Pathophysiology week 09

What’s Wrong ?

Each cell in our body contains a core structure, a nucleus. Each nucleus contains chromosomes made up of tightly woven strands of dioxyribonucleic acid (DNA). Each cell contains 46 chromosomes which are organized in 23 pairs of which 22 pairs are non-sex (autosomes) and one pair determines the sex of the individual, male (XY) and female (XX). In each 23 pairs, one chromosome is inherited from the father and one chromosome from the mother. Genes are segments of DNA that determine our specific traits such as hair color, blood type etc. that can be inherited from generation to generation. With gene mutation occurs, alternations occur in the DNA and result in genetic disorders. In the following scenario, a concerned mother finds out why her little Jimmy has Duchenne Muscular Dystrophy.
Jimmy is a 4 y.o. boy who has a quick smile and has always been very active. Lately, however, his mother notices that he is more awkward when he walks or runs. In addition Jimmy is having trouble getting up from the floor and often pushes on his legs as he stands up. Jimmy’s mother makes an appointment with his pediatrician.
The pediatrician takes a family history and tests Jimmy’s muscles, takes a muscle biopsy and then does a DNA test. Jimmy’s CK (creatine kinase) levels are elevated and the muscle biopsy confirms that the muscles themselves are causing the problem. The DNA testing confirms that Jimmy has Duchenne Muscular Dystrophy (DMD). The pediatrician recommends to Jimmy’s mother that Jimmy’s two sisters have DNA testing done also.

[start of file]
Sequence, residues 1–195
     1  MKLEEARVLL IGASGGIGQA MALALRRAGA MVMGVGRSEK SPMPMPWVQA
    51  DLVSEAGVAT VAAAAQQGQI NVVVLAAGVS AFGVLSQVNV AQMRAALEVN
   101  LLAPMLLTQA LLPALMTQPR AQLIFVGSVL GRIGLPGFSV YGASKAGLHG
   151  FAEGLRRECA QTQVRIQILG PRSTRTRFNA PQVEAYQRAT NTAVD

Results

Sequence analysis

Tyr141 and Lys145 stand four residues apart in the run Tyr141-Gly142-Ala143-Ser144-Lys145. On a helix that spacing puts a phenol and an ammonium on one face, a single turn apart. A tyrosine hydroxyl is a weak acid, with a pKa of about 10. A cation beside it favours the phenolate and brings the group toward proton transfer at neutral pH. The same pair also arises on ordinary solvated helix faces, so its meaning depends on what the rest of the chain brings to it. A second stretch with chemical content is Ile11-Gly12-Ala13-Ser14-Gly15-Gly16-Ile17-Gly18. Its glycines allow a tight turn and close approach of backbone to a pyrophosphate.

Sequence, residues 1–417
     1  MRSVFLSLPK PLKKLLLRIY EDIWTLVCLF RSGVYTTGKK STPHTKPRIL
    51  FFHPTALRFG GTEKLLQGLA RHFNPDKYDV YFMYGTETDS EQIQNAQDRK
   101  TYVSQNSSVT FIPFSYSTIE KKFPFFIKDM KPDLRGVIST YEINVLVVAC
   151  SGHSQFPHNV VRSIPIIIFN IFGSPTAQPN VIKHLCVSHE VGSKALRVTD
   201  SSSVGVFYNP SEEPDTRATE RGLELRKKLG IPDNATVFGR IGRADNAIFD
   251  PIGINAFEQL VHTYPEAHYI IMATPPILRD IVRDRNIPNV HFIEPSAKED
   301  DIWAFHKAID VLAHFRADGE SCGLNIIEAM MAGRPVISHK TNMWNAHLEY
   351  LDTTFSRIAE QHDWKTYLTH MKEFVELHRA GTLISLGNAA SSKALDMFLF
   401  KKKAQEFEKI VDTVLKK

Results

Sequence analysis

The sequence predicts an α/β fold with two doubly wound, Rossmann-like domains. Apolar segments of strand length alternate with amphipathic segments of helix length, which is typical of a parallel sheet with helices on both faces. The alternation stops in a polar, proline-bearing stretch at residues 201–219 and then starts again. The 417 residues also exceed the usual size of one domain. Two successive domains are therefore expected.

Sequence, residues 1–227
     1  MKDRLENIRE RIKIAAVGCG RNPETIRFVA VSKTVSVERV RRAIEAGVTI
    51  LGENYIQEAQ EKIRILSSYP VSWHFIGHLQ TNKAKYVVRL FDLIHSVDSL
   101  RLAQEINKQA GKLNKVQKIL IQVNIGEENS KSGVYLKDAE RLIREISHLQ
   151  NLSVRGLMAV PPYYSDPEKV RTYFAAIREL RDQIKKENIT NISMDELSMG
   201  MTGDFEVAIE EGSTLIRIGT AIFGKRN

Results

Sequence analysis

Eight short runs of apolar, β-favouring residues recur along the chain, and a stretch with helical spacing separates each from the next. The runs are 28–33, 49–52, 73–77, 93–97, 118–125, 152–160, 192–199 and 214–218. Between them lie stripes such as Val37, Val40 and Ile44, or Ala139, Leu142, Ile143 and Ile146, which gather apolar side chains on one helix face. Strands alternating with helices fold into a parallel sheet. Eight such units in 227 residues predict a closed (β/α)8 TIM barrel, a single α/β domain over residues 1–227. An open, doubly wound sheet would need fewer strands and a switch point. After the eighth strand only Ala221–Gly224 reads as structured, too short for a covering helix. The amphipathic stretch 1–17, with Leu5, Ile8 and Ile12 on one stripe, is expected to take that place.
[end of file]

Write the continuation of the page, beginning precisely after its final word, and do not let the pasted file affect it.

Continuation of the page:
Duchenne Muscular Dystrophy is a genetic disorder characterized by progressive skeletal muscle (voluntary muscles) degeneration resulting in muscle wasting and weakness. The main cause is a flawed gene on the X chromosome (X-linked recessive) that fails to produce a protein dystrophin. Dystrophin is one of many proteins found in the membrane surrounding each muscle fiber and is needed to keep muscle cells working properly. Without dystrophin protein, necrosis of the cell occurs. DMD affects mostly boys, rarely girls due to the X-linked pattern. Males (XY) only inherit a single X-linked gene and not a second X chromosome to over-ride a flawed recessive trait that occurs with females (XX). A father with DMD will not pass on DMD to his sons because he only gives the Y gene,however, he will pass on his X recessive gene to his daughters, making them carriers to pass on to their children. The mothers who have at least one x-gene with DMD will have a 50% chance in passing the defective recessive gene to her sons and 50 % of her daughters will become carriers. Sometimes dystrophin gene mutation takes place inside the egg of females, therefore, increasing her future pregnancies risk for DMD disorder. (Gould, B. E., pg 585-586, 2011)(nlm.nih.gov, 2012)(mda.org, 2012)(genome.gov, 2012)
Jimmy’s physician recommended that Jimmy’s older sisters have DNA test done to verify if they also may be a carriers. Accordingly to the Muscular Dystrophy Association, a minority of female carriers may manifest weak muscles in their back, legs, and arms and fatigue easily and others may have heart problems that may cause SOB or fatigue after mild exercise . At a later time, when Jimmy’s sisters are older and become pregnant, they can have a prenatal diagnostic test called chorionic villus test done at 12 weeks of gestation. This test is done to determine whether the fetus could have abnormalities or inherited or genetic disorders such as DMD. (Gould, B. E., p.586, 2011) (merckmanuals.com, 2012)
In the early stages, DMD affects muscles in the shoulders, arms, hip and thigh areas. Weakness in the pelvic girdle may lead to difficulty in rising from the floor (“Gower’s maneuver”); a technique where the child pushes with hands climbing up the legs in order to become erect. Children with DMD are usually late in walking and when they do walk, their gait may look like waddling or unsteady; toddlers may have large calf muscles (pseudo-hypertrophy). DMD children may also have difficulties in climbing stairs, maintaining balance, and difficulty in raising the arms. (Gould, B. E., pg 585-586, 2011) (mda.org, 2012)